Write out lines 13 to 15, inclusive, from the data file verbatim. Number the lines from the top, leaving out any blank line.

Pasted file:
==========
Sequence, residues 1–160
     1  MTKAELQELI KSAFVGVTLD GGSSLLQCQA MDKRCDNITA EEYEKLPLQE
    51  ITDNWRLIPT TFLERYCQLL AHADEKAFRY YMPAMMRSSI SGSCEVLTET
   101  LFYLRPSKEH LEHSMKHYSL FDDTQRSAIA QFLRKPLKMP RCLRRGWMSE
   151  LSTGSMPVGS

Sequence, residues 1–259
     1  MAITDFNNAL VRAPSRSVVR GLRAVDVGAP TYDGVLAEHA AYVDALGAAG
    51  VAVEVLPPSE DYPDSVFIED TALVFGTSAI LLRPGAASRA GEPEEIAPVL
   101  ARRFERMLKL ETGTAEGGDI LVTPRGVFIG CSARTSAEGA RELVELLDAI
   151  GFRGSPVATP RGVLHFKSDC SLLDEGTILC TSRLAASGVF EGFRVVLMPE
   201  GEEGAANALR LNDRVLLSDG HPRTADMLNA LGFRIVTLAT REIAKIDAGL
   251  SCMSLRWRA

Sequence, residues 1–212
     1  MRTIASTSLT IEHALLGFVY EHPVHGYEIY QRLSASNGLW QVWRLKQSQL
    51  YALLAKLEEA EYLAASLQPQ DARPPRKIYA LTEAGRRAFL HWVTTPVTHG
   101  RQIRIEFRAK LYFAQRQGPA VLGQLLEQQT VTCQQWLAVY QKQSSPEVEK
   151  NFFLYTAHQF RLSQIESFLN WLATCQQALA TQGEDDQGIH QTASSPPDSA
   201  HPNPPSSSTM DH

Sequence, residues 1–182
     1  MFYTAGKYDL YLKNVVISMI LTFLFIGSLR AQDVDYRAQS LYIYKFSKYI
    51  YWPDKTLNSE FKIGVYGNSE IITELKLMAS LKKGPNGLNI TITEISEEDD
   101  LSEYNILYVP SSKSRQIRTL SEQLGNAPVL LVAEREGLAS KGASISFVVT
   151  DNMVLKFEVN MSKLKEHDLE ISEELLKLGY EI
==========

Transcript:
Sequence, residues 1–212
     1  MRTIASTSLT IEHALLGFVY EHPVHGYEIY QRLSASNGLW QVWRLKQSQL
    51  YALLAKLEEA EYLAASLQPQ DARPPRKIYA LTEAGRRAFL HWVTTPVTHG